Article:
Turkey releases report on flotilla incident, accusing Israel
Turkey publicizes its internal report on the flotilla debacle in response to Israel's Turkel Commission investigation report on Sunday.
Eight Turks and an American citizen of Turkish descent were killed during the 4:26 a.m. raid on the humanitarian aid flotilla, which was cruising 72 miles off the coast in international waters on its way to break Israel's Gaza blockade.
The Turkish report found that Israeli units shot dead two people from their helicopters before fast-roping onto the deck, where they battled passengers armed with sticks, clubs, and knives mostly drawn from the ship’s eight kitchens.
What Turkey found
Turkey’s report on the incident was submitted to a United Nations investigation last September, but is now being made public after Israel on Sunday published its own report, which cleared the Israeli military and government of any wrongdoing.
“The attacker can’t claim that he is defending himself,” a senior Turkish foreign ministry official said Tuesday. “Our aim was not to demonize Israel or the Israeli people [or] to tarnish the Israeli nation…. But Israel has not come to terms with their injustice.”
The report of Israel’s Turkel Commission – which is to be the basis of Israel’s findings for the UN investigation – affirms Israel’s official declarations that its units killed in self-defense. Turkish officials have dismissed it as “flawed” and a “whitewash.”
Outrage in Turkey over the incident has deeply damaged Israel’s relations with one-time close ally Turkey, which has demanded an apology and reparations.
The Turkish report said that Israel mounted a “full-fledged and pre-meditated attack” by heavily armed soldiers with live ammunition that used “excessive, indiscriminate and disproportionate force … against the civilians on board,” the Turkish report said.
Once the Israelis took over the vessel they “continued to brutalize and terrorize the passengers, abusing them physically and psychologically,” the report found. During interrogation that lasted days in Israel, all passengers were “forced to sign incriminatory statements” in Hebrew, while “evidence of critical importance to shed light on the attack was destroyed, tampered with or despoiled.”
Some findings of the Turkish report echo those from the UN Human Rights Council, whose fact-finding mission last September concluded “a series of violations of international law … were committed by the Israeli forces during the interception of the flotilla.”
What Israel found
Israel’s Prime Minister Benjamin Netanyahu praised the Israeli commission findings, which stated that Israeli soldiers acted appropriately on the ship after they “encountered a real resistance force, armed with clubs, iron rods, chairs, etc.”
The report stated that the “largest group” among the 600 on board was made up of “peace activists,” and that an order went out over the Mavi Marmara’s public address system telling all passengers to return to their seats.
The commission stated that passengers who were “direct participants in hostilities” could legally be considered combatants.
It also found that Israeli soldiers “acted professionally and in a measured manner,” though their actions “had the regrettable consequences of the loss of human life and physical injuries.”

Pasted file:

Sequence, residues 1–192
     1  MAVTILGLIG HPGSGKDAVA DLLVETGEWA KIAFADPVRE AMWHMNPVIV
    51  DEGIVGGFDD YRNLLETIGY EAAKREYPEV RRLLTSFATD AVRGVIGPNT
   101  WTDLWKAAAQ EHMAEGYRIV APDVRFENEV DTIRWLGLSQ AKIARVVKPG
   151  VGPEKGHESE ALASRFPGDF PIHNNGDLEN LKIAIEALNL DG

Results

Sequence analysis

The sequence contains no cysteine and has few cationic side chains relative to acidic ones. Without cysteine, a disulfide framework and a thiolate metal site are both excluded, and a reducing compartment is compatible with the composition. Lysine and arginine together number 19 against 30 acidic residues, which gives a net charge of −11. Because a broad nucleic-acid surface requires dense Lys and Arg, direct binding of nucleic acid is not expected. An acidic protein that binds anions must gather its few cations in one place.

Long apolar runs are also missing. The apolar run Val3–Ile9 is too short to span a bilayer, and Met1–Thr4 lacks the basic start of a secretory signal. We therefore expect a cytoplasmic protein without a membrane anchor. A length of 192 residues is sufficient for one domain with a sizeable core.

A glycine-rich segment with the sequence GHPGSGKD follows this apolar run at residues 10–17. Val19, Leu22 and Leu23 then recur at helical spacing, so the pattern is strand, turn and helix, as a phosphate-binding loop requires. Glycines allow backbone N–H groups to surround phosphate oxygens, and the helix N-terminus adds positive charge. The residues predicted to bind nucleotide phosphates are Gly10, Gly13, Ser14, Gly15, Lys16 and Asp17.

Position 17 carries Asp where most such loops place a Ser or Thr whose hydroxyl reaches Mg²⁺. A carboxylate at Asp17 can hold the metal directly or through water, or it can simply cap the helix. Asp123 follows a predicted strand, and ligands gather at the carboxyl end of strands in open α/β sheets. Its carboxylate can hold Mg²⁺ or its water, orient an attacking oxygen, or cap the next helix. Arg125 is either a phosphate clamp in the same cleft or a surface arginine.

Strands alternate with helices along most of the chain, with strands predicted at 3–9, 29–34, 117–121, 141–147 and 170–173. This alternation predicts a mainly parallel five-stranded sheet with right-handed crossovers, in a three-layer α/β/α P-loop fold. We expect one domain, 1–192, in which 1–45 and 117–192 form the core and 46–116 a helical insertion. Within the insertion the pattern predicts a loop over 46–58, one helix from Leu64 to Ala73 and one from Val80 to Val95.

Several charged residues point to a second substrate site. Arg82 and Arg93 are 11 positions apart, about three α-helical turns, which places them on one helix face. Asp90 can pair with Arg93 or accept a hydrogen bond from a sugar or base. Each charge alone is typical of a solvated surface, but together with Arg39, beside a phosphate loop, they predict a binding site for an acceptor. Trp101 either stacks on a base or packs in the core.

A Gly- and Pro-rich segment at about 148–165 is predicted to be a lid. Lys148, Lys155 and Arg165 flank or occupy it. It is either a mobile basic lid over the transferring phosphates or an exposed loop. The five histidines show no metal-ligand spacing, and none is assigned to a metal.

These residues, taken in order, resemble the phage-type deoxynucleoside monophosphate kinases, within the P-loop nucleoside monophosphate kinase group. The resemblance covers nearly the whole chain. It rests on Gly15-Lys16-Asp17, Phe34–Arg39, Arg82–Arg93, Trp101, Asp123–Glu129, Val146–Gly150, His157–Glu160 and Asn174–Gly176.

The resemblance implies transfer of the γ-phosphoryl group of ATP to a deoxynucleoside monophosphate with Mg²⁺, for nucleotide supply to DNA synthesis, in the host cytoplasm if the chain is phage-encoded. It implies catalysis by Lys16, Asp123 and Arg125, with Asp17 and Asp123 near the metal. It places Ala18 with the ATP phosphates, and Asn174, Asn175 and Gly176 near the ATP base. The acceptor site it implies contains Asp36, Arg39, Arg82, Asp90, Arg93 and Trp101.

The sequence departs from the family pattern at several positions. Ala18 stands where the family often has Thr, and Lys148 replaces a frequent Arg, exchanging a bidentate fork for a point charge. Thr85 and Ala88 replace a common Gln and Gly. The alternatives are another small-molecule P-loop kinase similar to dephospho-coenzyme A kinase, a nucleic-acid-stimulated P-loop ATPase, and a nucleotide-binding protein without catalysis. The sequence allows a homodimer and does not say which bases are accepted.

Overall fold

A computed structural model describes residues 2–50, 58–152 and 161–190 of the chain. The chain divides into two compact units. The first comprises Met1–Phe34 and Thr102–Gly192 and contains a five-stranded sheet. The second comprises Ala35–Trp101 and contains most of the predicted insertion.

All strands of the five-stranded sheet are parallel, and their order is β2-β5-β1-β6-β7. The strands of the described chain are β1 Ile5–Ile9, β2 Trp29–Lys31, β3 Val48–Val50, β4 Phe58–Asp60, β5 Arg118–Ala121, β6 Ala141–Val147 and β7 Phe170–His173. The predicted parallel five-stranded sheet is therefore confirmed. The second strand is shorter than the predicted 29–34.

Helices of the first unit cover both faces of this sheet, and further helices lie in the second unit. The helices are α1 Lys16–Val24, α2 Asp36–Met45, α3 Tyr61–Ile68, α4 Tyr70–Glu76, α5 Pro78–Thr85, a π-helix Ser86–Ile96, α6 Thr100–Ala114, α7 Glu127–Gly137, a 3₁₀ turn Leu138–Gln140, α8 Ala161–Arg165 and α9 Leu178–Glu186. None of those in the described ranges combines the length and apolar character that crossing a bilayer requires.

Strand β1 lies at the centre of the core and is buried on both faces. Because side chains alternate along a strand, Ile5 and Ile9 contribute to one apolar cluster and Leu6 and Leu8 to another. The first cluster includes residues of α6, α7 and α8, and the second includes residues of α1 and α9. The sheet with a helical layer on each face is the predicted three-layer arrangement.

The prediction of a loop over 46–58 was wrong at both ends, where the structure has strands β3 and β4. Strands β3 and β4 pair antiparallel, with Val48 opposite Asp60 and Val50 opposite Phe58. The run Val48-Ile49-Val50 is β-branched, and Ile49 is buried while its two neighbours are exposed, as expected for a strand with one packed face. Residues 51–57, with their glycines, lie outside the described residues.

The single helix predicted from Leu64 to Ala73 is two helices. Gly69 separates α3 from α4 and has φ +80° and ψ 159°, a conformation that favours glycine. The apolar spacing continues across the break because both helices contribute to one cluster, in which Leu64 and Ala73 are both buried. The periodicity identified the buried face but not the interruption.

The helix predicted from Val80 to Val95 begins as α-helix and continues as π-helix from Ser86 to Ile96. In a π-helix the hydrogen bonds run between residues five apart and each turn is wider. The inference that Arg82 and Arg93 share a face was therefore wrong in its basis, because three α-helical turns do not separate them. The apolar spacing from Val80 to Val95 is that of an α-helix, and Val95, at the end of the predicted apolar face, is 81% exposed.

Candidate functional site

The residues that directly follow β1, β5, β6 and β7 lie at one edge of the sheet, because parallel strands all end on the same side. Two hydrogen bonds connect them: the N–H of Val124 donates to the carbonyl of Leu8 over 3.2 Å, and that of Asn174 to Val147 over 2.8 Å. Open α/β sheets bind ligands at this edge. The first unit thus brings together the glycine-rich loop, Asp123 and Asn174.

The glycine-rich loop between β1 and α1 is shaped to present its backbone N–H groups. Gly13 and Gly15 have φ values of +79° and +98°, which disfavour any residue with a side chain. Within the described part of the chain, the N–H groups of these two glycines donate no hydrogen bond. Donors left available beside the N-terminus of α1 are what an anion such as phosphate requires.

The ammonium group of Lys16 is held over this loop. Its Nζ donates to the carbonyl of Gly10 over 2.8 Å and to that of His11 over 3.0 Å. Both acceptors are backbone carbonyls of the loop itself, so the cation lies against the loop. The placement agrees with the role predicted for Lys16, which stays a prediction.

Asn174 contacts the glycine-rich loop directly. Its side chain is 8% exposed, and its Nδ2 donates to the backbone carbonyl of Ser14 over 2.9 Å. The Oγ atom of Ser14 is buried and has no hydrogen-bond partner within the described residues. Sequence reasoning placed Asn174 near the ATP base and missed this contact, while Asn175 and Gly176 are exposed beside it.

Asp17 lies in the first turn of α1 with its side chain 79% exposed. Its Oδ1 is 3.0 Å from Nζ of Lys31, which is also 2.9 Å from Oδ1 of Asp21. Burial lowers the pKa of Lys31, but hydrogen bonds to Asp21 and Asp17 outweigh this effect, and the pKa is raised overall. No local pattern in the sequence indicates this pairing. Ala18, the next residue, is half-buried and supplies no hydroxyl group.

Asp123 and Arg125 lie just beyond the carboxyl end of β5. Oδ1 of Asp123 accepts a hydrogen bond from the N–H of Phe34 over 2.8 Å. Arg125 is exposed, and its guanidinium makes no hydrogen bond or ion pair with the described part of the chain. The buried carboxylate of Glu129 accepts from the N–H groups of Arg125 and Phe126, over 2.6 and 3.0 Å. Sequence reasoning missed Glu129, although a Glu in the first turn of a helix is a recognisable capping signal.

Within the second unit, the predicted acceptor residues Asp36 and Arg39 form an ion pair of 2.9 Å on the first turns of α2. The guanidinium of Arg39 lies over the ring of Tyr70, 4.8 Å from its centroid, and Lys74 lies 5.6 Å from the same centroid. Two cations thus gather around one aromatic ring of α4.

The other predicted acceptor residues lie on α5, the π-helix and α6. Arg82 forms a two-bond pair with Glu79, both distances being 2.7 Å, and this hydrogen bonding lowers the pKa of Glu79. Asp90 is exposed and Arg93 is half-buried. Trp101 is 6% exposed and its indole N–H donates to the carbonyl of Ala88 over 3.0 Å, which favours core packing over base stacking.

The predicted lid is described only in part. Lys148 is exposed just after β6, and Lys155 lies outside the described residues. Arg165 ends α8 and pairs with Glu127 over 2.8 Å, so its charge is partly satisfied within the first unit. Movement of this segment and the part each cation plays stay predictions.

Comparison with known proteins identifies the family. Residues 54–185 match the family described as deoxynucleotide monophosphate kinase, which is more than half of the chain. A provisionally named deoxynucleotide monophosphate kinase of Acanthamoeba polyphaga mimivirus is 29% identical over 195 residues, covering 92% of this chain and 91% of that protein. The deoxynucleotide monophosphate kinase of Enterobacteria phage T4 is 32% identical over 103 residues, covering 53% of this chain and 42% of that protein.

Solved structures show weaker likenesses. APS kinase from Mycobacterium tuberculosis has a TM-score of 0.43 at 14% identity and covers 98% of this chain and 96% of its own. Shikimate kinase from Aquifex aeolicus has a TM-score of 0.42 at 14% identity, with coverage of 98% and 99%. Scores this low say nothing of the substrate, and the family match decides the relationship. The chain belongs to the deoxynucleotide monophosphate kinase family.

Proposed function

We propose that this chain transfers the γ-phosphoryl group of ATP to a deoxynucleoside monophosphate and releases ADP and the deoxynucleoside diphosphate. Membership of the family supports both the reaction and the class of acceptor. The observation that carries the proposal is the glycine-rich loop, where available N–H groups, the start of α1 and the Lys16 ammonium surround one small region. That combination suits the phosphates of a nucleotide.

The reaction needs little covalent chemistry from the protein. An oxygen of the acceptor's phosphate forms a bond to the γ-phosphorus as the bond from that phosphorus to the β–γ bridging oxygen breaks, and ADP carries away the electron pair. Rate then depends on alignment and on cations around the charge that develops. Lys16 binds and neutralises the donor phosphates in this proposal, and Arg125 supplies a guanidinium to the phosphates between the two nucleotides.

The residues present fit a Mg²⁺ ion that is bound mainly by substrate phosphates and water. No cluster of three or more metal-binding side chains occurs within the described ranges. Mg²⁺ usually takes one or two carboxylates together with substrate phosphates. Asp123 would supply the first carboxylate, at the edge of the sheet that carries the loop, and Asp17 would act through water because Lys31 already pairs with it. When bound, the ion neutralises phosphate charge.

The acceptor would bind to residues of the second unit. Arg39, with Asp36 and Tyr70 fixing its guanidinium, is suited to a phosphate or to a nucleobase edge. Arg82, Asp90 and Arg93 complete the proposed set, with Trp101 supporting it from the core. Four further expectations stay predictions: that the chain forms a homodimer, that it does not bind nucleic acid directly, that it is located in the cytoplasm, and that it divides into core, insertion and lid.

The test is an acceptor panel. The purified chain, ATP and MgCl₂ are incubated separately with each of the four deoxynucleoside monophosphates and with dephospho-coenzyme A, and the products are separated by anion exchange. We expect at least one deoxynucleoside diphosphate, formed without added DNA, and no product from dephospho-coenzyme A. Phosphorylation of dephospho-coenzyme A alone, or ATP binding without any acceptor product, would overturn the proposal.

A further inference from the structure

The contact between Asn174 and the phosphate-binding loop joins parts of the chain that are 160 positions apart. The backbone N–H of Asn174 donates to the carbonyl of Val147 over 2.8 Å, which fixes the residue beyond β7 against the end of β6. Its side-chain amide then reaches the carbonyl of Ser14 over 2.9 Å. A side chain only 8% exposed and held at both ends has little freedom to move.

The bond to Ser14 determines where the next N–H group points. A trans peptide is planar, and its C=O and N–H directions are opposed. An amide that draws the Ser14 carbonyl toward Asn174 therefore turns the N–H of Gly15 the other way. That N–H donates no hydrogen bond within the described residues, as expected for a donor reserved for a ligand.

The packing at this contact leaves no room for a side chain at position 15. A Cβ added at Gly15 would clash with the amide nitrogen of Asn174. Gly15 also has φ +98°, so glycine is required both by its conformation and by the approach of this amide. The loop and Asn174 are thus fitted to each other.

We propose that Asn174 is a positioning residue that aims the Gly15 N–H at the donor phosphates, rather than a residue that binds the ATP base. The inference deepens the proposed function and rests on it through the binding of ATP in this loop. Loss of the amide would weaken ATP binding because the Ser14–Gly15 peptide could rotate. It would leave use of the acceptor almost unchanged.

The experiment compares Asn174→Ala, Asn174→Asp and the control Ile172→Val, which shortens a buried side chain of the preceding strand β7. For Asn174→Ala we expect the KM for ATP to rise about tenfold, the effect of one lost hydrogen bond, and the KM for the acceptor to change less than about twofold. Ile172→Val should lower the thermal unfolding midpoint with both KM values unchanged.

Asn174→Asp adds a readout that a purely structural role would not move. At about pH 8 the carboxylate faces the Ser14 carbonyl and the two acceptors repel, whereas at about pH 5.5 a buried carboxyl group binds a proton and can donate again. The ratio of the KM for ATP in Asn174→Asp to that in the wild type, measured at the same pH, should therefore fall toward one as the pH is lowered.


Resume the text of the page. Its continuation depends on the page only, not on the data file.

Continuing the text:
"I hope all those who rushed to judgment against Israel and its soldiers will read these reports,” Mr. Netanyahu said. “The truth is that our soldiers were defending our country and defending their very lives. This is not only their right; it is their duty.”
Loopholes and whitewash?
The Israeli position has prompted fury in Turkey, where President Abdullah Gul said Israel’s report “isn’t worth the paper it is printed on – it has no credibility, legitimacy, or plausibility.”
“It’s full of legal loopholes, it’s distorting facts, and unfortunately it whitewashes the Israeli military,” said the senior Turkish official in Istanbul. “Our conclusion is it’s shielding those people who are responsible … from international prosecution in the future.”
Turkey’s report confirmed initial autopsies, noting that “most suffered from multiple shots at close range.” Witnesses reported shortly after the event that Israelis used laser sights on their guns in some cases; one of the dead was shot between the eyes.
The Turkish report also details what it called efforts by Israel to complicate any Turkish forensic examination. Bodies had been washed and “gunshot residues were removed” before being repatriated to Turkey.
The ship itself had been held in the Israeli port of Ashdod for 66 days, and when handed back to Turkey had been “scrubbed down thoroughly, blood stains completely washed off, bullet holes painted over; ship records, Captain’s log, computer hardware, ship documents seized, CCTV cameras smashed, all photographic footage seized and presumably destroyed or withheld.”
“If you try so hard to hide evidence, it means that psychologically you are under pressure, that you committed something,” said the senior ministry official.
He also echoed the conclusion of the Turkish report, that Israeli forces had a number of nonlethal ways of stopping the Mavi Marmara, but chose not to use them.
“Israel prepared for a combat operation and refused to deviate from this strategy," the Turkish report stated. “The tragic truth is that civilian casualty [sic] could have been avoided if Israel had sought [an] alternative non-violent plan of action.”